Psychological Disorders by ewghwehws

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									Psychological Research
 Methods & Statistics




Excavating Human Behaviors
Psychology & Research Methods
A “Scientific Attitude” is critical…
   Curiosity  – a passion to explore and understand.
   Skepticism – psychologists, like other scientists,
    approach the world of behavior with curious
    doubt. The are constantly asking two questions:
    What does it mean? How do you know?
   Humility – an awareness and acceptance that
    we may have to reject our own ideas or theories
    (if they are proven wrong).
   Critical Thinking – a scientific approach
    prepares/demands us to think “smarter”  to
    examine assumptions, evaluate evidence, and
    assess conclusions.
            Hindsight Bias
 The tendency to
  believe, after learning
  the outcome, that you
  knew it all along.
 With 20/20
  hindsight, everything
  seems obvious.
               Overconfidence
     We tend to think we know more
      than we do.
     We tend to be more confident than
      correct!
82% of U.S. drivers consider themselves to
 be in the top 30% of their group in terms
                 of safety

81% of new business owners felt they had
  an excellent chance of their businesses
succeeding. When asked about the success
 of their peers, the answer was only 39%.
      (Now that's overconfidence!!!)
Exercise: Unscramble these Anagrams

    WREAT
    ETRYN
    GRABE
    Anagram Solutions

WREAT --- WATER
ETRYN --- ENTRY
GRABE --- BARGE
Psychological Research Methods
   Psychology is an experimental science.
   Assumptions must be supported by evidence.
   Psychologists use a variety of research methods
    to study behavior and mental processes.
   Psychologists follow the same general procedure
    when conducting research:
     1.   Asking research questions
     2.   Forming hypothesis (hypotheses)
     3.   Testing the hypotheses
     4.   Analyzing the data (results)
     5.   And drawing conclusions
     6.   Eventually, replicating research
    The Scientific Method


   Step 1: Forming research questions –
         Beginning with scientific curiosity and interest,
          many research questions come from daily
          experience, psychological theory, or common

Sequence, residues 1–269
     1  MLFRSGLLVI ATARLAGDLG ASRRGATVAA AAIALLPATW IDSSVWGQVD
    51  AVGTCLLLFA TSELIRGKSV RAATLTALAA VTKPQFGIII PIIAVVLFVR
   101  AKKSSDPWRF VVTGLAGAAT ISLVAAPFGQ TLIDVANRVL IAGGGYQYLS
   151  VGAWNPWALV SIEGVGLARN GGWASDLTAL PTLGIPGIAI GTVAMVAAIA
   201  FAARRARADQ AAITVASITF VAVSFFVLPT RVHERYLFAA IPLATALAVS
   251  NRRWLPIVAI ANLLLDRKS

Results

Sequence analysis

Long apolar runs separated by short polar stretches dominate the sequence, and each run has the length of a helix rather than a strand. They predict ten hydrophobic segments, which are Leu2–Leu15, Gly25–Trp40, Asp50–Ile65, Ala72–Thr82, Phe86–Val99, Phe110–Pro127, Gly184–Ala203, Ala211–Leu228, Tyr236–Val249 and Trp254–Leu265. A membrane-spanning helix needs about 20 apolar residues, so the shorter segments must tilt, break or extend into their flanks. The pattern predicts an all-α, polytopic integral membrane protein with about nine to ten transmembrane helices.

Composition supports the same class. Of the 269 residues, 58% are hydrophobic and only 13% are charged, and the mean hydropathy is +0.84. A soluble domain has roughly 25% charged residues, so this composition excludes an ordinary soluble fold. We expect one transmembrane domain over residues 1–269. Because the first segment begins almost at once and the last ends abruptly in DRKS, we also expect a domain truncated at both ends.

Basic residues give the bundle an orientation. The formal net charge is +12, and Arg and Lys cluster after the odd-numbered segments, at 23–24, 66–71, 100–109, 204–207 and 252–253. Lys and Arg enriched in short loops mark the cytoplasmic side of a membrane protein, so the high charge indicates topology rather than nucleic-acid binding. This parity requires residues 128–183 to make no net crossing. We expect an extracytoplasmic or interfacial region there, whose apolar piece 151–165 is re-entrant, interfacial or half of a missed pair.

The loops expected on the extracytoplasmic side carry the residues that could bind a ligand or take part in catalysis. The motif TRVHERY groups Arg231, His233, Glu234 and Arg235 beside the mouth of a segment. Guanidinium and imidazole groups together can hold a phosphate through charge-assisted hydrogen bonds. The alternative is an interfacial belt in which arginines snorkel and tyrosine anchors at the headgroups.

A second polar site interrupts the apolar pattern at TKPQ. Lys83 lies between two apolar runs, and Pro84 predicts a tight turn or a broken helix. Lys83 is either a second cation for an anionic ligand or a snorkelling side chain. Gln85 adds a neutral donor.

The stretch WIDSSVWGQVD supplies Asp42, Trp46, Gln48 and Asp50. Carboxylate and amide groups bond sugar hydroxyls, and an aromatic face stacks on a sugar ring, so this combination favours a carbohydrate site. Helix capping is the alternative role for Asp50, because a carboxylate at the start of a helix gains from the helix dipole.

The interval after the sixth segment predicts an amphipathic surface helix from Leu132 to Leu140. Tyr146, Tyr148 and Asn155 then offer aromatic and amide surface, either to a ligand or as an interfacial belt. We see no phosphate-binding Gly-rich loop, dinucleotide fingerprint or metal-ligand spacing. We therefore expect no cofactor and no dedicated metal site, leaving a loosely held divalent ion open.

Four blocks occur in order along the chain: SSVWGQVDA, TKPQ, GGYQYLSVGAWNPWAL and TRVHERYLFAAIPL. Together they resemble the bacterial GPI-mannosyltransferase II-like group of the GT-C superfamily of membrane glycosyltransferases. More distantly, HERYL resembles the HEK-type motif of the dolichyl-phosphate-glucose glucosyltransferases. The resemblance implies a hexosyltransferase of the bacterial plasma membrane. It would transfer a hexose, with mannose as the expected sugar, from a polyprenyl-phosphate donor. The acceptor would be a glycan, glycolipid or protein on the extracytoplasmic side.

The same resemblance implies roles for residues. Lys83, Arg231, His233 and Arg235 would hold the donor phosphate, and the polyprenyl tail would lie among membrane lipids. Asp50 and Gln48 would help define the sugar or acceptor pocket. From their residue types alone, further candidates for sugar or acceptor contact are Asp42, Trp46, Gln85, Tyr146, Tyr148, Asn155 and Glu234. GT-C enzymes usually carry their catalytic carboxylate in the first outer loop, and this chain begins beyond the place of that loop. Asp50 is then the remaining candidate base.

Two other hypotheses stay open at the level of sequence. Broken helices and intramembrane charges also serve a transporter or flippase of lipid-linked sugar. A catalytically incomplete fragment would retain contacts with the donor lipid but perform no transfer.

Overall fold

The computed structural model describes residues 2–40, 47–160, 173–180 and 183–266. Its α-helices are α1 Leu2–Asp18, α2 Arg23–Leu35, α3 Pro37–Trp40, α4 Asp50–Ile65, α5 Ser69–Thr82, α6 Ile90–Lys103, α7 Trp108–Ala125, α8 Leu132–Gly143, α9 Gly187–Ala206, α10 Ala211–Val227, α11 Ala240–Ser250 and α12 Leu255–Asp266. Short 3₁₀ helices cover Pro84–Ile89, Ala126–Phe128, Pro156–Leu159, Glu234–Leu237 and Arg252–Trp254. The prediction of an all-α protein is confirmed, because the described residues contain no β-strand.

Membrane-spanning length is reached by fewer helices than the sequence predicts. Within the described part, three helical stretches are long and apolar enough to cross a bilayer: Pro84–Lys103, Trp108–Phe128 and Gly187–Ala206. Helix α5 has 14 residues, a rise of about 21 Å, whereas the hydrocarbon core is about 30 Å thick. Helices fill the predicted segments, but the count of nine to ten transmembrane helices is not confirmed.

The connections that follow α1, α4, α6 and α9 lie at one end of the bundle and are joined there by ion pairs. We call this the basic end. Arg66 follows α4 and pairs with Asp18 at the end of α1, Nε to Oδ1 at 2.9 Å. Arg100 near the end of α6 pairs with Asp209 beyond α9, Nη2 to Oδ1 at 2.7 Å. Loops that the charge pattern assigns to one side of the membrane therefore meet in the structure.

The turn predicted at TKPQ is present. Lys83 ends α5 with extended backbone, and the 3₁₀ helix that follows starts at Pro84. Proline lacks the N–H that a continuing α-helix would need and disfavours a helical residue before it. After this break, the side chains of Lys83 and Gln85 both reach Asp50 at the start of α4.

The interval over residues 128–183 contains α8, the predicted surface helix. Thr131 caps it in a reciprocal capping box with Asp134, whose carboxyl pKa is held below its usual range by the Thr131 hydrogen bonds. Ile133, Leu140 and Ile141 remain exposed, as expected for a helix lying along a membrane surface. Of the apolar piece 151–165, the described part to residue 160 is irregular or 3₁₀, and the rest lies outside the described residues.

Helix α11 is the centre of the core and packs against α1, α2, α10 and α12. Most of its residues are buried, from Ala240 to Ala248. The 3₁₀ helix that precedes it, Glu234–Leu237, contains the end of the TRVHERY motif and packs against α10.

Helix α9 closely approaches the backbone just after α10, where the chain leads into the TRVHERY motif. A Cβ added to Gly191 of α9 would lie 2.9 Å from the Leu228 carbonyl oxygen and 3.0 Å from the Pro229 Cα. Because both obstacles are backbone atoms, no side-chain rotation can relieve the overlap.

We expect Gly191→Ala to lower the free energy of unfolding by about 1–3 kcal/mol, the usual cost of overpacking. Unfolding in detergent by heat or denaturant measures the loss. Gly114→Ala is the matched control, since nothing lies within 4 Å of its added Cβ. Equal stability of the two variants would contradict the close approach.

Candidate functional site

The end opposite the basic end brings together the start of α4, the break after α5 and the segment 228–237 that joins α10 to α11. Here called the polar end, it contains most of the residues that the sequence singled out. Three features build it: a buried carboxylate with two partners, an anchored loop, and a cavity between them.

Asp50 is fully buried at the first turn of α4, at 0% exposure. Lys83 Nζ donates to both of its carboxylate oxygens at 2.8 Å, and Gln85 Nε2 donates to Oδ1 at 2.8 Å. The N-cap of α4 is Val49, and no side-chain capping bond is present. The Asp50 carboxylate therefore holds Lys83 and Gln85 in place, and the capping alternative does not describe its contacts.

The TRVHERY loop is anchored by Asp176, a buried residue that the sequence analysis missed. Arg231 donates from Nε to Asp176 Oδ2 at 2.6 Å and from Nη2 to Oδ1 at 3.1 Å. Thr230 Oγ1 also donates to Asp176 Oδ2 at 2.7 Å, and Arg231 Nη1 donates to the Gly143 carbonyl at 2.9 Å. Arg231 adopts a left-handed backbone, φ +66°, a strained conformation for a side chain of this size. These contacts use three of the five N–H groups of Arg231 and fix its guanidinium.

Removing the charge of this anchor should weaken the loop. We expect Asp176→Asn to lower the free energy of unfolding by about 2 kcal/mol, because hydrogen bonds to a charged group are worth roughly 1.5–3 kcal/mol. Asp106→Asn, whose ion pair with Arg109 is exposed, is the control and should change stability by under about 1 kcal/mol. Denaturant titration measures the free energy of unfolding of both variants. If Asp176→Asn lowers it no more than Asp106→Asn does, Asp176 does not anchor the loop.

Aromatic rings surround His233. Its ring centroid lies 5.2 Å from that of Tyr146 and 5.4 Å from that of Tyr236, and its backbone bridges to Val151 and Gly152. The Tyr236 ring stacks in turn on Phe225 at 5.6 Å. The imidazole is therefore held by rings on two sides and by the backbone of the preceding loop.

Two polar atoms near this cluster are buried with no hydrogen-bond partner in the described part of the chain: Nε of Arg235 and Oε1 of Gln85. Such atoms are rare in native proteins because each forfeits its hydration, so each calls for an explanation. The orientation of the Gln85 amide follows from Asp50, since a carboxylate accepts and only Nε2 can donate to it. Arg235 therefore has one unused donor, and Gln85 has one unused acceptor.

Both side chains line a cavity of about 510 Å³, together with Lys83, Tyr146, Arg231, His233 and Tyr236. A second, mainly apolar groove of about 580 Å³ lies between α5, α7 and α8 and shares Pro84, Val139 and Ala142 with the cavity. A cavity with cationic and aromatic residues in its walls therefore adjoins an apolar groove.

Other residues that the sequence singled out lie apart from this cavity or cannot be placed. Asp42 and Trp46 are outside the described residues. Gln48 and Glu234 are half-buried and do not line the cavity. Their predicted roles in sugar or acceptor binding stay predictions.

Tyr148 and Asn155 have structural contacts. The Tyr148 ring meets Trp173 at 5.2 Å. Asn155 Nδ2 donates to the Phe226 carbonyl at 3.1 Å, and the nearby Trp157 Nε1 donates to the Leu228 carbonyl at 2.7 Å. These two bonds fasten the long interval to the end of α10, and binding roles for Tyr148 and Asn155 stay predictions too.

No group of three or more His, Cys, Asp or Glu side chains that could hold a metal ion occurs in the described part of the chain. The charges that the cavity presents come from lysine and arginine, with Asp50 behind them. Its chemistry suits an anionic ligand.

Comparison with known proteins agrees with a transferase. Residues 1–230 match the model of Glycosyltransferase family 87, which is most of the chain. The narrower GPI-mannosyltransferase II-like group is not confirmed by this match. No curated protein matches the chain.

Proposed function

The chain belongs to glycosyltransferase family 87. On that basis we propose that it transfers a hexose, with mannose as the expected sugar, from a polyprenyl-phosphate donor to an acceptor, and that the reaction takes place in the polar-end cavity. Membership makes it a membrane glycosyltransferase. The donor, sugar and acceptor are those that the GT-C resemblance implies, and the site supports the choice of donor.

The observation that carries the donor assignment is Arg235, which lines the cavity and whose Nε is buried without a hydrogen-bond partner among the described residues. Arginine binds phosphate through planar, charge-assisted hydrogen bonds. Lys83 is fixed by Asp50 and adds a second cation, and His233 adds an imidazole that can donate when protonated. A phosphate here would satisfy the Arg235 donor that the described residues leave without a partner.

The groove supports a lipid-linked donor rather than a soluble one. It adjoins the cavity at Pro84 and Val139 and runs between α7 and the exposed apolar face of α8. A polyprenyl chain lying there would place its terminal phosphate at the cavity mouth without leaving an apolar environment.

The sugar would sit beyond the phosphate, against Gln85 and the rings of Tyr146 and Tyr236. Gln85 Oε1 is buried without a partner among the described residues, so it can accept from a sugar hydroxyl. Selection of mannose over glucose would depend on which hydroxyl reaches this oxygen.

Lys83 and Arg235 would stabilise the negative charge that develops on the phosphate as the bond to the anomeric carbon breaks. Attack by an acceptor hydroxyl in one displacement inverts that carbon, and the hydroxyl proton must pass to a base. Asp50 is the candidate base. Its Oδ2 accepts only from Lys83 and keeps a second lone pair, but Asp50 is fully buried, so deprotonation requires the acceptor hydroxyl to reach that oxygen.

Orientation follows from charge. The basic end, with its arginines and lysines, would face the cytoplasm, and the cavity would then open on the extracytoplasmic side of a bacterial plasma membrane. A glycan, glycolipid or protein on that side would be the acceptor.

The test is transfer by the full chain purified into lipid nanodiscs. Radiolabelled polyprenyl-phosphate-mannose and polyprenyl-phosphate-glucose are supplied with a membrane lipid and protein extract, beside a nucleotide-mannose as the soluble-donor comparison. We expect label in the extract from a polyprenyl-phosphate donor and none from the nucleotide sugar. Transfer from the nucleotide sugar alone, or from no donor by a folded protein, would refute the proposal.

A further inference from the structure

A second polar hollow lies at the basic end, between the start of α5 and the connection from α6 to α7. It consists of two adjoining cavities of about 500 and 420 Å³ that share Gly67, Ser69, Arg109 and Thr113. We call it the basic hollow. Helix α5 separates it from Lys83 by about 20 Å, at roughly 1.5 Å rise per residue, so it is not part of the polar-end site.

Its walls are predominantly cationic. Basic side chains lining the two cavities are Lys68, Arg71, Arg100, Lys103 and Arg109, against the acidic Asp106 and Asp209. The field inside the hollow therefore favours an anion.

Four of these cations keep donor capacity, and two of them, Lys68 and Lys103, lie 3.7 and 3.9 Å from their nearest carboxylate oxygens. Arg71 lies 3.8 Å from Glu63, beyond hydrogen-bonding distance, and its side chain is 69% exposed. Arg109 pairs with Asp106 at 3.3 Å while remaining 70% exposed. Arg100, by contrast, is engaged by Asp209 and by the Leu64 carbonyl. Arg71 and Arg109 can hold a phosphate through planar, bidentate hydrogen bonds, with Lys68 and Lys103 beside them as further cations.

knowledge.

   Step 2: Forming hypotheses –
         A hypothesis is a predicted “answer” the question
          (or in other words, “an educated guess”).
          The Scientific Method
 Step 3: Testing hypotheses –
     1. Once a hypothesis has been formed, it must be scientifically
        tested and proved right or wrong.
     2. This part of conducting research is the “actual” experiment.
     3. Psychologists use a variety of methods to test hypotheses.
 Step 4: Analyzing Results –
     1. Data is analyzed using statistics
     2. The more data collected,
        the more complex a task
        it is to analyze.
       The Scientific Method
• Step 5: Drawing Conclusions –
     • Once the results have analyzed, a psychologists can draw
         or make conclusions about his/her questions and
         hypotheses.

• Step 6: Replication –
     1. Even when a research study carefully follows proper
        procedures, its findings might just represent a random
        occurrence.
     2. To confirm the results and conclusions of a research study,
        the study must be replicated.
     3. The study must be repeated and it must produce the same
        or similar results as before.
     4. If there are different results, then the findings of the first
        study are questioned.
Selecting Subjects
   Population – all members of a given group
    (of study)
   Sample – a subset of the population which
    is representative of the whole population
   Random Sample – a sample in which every
    member of the population has an equal
    change of being selected
   Stratified Sample – a sample in which each
    subgroup of the population is represented
    proportionally to its size in the population
Key Research Terminology


     Using a random sample that represents the
      whole population, a researcher can
      generalize findings to the entire population.
     CAUTION: Overgeneralization – is the
      making of generalizations using
      unrepresentative cases. It is easy to do but
      typically erroneous.
     False Consensus Effect: the tendency to
      overestimate the extent to which others
      share our beliefs and behaviors
      Methods of Collecting Data
 Survey – commonly used in both descriptive and
  correlational studies, questionnaire method
  sampling many cases (individuals) in less depth
 Case Study – the study of one or more individuals
  in great depth, to inform about an entire
  population or sample
 Testing – psychological tests are given to measure
  certain mental processes, such as intelligence,
  aptitude, or personality
      The Survey Method

 Used  in both descriptional and
  correlational research.
 Use Interview, mail, phone, internet